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Newton Creek under the microscope

Newton Creek with a boom on it for containing contaminants after the Husky Energy Refinery fire in April 2018. Image courtesy of the Lake Superior National Estuarine Research Reserve.

The clear water in Newton Creek, which flows through the city of Superior, is deceptive. During her presentation for River Talks on May 8, Lorena Rios-Mendoza with the University of Wisconsin-Superior, said she takes extra precautions to protect her “children” from it. Those children are her student assistants who process the water as part of a monitoring project to detect contaminants in it.

Lorena Rios-Mendoza. Image courtesy of the University of Wisconsin-Superior.

“The water samples look clean but they have toxic compounds in them,” Rios said. She also did not recommend that other children come into contact with the creek water.

Rios is looking for polyaromatic compounds, which are a group of over 100 chemicals that are formed during the incomplete burning of oil and wood, and other products like tobacco. She explained that these compounds are highly toxic, potentially causing cancer and disrupting the endocrine systems of people and animals.

After the Husky Energy Refinery fire in the spring of 2018, Rios began the monitoring project with the support of the Lake Superior National Estuarine Research Reserve. She and her students collected water and sediment samples for analysis through December of last year and, now that the ice is out, are taking them through December of this year.

Newton Creek flows for 1.6 miles through industrial, commercial, recreational and residential areas in Superior. It serves basically as a discharge channel for the refinery.

Newton Creek. Image courtesy of the city of Superior.

The creek enters Superior Bay at Hog Island inlet, which was the site of a major cleanup project that ended in 2005. Although it may be cleaner, the creek is still listed on the Wisconsin Department of Natural Resource’s Impaired Waters list for chronic pollution by metals, polyaromatic hydrocarbons (PAHs), scum, and polyfluoroalkyl substances (PFAS) from firefighting foam.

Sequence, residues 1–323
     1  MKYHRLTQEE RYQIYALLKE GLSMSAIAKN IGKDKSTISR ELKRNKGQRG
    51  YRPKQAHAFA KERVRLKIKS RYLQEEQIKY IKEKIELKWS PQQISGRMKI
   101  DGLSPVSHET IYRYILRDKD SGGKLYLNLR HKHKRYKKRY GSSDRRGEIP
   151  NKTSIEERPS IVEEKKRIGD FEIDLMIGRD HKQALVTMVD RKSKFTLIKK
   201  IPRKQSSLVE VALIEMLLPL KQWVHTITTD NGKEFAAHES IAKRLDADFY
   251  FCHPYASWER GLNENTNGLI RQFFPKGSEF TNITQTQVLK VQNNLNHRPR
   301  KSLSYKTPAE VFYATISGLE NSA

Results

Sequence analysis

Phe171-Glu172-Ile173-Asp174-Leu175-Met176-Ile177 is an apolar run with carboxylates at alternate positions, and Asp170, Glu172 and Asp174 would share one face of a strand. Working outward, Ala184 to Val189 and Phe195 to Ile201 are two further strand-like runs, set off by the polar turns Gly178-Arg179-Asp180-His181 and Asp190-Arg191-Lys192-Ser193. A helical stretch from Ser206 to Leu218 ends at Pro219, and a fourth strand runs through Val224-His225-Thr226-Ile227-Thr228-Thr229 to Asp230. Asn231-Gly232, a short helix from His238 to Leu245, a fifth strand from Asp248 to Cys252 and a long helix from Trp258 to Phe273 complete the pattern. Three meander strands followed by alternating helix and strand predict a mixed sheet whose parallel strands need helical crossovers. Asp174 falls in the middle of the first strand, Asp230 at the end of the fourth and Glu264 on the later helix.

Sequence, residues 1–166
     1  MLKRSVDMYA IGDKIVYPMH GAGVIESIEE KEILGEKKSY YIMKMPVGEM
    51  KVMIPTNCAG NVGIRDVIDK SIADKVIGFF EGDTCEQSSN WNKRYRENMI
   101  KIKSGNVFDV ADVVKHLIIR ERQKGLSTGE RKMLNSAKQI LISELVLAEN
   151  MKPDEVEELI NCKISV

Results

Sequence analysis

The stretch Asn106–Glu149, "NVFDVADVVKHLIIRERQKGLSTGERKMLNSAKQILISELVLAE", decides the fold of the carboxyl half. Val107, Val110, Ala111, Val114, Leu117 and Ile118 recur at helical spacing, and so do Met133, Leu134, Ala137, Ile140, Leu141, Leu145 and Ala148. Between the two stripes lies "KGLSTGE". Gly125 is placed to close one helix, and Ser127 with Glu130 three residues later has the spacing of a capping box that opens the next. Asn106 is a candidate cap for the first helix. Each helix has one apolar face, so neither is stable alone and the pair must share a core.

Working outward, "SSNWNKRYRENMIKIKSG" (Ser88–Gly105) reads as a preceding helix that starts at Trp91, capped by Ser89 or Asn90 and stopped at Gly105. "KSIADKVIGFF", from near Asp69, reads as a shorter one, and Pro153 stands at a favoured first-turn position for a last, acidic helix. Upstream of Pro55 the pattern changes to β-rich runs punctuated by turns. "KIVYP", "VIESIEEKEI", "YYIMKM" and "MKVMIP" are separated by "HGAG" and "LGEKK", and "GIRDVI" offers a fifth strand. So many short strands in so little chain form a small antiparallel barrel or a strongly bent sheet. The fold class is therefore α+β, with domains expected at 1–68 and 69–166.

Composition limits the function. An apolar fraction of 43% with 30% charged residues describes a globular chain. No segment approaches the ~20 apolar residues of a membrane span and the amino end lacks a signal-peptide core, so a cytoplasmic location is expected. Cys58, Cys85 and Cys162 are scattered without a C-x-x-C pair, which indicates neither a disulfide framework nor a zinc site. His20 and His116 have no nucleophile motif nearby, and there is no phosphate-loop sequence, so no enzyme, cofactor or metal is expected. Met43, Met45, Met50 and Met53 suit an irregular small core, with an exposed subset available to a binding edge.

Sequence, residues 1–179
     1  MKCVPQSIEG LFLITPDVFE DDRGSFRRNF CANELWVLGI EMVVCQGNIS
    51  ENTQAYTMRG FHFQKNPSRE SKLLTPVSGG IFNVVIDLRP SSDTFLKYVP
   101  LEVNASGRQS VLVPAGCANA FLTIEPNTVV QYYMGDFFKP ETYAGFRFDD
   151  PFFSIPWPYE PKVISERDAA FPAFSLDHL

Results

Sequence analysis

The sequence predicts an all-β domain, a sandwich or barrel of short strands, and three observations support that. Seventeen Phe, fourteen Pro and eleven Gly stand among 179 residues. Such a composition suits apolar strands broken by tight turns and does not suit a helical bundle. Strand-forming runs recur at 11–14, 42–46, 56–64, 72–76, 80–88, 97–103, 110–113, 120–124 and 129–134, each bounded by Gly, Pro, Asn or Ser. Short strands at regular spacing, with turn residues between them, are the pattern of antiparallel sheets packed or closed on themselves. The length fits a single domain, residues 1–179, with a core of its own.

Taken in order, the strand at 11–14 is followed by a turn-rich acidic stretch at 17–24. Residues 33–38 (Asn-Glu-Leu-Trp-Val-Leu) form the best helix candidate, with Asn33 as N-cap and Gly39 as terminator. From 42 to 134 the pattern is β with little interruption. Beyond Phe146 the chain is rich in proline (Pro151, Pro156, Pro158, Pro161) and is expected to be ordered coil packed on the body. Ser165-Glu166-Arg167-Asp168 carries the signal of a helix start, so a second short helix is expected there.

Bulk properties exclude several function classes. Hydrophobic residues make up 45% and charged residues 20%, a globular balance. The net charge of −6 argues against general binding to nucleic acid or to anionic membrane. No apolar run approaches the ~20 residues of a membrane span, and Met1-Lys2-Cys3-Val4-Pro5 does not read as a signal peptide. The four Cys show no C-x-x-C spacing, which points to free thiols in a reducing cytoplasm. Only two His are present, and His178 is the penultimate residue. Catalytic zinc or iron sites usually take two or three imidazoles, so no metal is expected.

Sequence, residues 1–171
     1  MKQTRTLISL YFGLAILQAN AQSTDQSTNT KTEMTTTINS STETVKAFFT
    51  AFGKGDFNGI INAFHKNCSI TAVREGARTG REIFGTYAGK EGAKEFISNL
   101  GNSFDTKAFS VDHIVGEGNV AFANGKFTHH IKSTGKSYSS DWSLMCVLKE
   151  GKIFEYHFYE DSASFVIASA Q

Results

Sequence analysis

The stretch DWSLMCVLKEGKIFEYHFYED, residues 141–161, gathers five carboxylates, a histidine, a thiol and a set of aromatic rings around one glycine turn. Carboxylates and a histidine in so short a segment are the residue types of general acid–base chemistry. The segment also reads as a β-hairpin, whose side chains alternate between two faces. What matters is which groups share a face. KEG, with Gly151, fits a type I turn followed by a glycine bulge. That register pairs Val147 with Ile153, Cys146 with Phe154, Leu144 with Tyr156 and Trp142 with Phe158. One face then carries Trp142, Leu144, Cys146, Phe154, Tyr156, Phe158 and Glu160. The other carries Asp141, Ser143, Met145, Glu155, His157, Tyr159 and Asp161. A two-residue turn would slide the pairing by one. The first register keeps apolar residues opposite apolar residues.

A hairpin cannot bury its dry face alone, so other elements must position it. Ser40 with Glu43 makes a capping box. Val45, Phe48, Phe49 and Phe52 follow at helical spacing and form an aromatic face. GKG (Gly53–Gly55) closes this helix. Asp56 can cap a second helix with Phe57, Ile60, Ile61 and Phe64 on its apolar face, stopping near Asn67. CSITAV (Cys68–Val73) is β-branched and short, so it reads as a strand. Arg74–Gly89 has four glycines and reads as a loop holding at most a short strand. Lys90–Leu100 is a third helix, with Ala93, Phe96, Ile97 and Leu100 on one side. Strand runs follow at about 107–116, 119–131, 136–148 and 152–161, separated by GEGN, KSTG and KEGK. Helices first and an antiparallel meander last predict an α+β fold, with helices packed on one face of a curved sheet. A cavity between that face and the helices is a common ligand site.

During her talk, Rios said they are looking for 18 PAHs declared by the Environmental Protection Agency as the most toxic. Already they have found 15 PAHs in the water samples, including flouranthene, phenanthene and pyrene. She hasn’t had the opportunity to look into how the amounts of these chemicals compare to previous amounts found in the creek, or if the levels pose a public health risk. She has also not analyzed the sediment samples yet. They are relegated to a freezer until funding comes through for that.

A recent Duluth News Tribune story described problems in the creek with PFAS and announced plans for the refinery to end its discharge into the creek, opting instead for treatment through Superior’s wastewater treatment system.

Rios’ other research passion is microplastics. She is known for her work locally, in the Great Lakes and the North Pacific Ocean to assess the amounts and impacts of tiny pieces of plastic on aquatic life and water quality. She’s applying that passion to this project, too, by quantifying the amount of plastic in the creek and looking at how these particles absorb contaminants like the PAHs.

This was the last River Talk for the 2018-2019 season. The series is hosted by the Reserve and the Wisconsin and Minnesota Sea Grant programs. Be sure to check us out next year!